Canning Food For Beginners

December 14, 2009 :: Posted by - Summer :: Food :: (4) Comments

Creative Commons License photo credit: ellievanhoutte

A few weeks ago I picked up a box of jars for canning at a garage sale for only $1. I would have grabbed two boxes, but a feisty old woman snatched the second box up before I could reach for it. I thought about following her and asking for tips, but something told me she would have taken my box from me and ran off cackling. I only hope to be half as scary when I’m her age.

Sadly the jars have been sitting on a shelf in my garage. I have a ton of good reasons for that. One being that it’s absolutely freezing outside and just the thought of walking to my garage makes me put on another sweater. Second is that I don’t yet have all the supplies I need. In trying to be both frugal and small I am avoiding buying new lids and rings and other such supplies at the big box store. Instead I keep putting feelers out on Freecycle and Craig’s List, hoping someone will take a bite.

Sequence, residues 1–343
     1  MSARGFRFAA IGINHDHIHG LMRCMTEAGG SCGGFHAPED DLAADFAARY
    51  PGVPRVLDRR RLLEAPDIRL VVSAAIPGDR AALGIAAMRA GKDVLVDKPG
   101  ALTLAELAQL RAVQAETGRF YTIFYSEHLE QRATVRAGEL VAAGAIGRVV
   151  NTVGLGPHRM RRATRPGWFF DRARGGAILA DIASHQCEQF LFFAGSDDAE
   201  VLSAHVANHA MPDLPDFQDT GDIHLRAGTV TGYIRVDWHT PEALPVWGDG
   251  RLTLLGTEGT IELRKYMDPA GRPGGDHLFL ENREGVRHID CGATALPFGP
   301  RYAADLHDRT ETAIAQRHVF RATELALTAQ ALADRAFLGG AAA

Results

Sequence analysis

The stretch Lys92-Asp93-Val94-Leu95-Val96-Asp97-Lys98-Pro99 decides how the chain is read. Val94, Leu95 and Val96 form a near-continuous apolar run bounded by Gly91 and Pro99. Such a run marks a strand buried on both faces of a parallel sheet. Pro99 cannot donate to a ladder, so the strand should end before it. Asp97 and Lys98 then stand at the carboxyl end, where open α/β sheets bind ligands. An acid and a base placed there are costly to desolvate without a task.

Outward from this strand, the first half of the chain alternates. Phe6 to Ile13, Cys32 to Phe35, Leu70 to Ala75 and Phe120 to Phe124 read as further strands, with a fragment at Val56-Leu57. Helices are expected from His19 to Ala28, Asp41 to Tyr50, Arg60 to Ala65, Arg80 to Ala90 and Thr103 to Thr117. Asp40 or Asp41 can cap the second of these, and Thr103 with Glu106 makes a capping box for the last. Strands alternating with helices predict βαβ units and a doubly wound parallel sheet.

Thirdly, and probably most important, is that I do not have anything to can just yet. I have not yet begun to really garden, outside of composting and hammering together raised bed boxes. I am trying to plan out indoor container gardening for the winter, if I can find a spot safe from curious cats and kids. Something tells me I’ll be scooping a lot of soil up off the carpet. I need to buy a cheap thermometer to hang out in the garage and see just how cold it gets out there. If it isn’t too bad I will try to grow some cold hardy plants on there.

I hope that soon I will have shelves that look close to Amber’s. Jar upon jar of goodness ready to be eaten.

My plan is to start with salsa. It’s something that we eat quite a bit of, is easy to make, and we don’t eat enough tomatoes to really take care of a plant any other way. After that I am looking at making some jams and jellies. After reading how easily Amy made homemade strawberry jam I can’t get the thought out of my mind. Plus it will be a great way to get out of the grape jelly rut Michael insists on sticking to.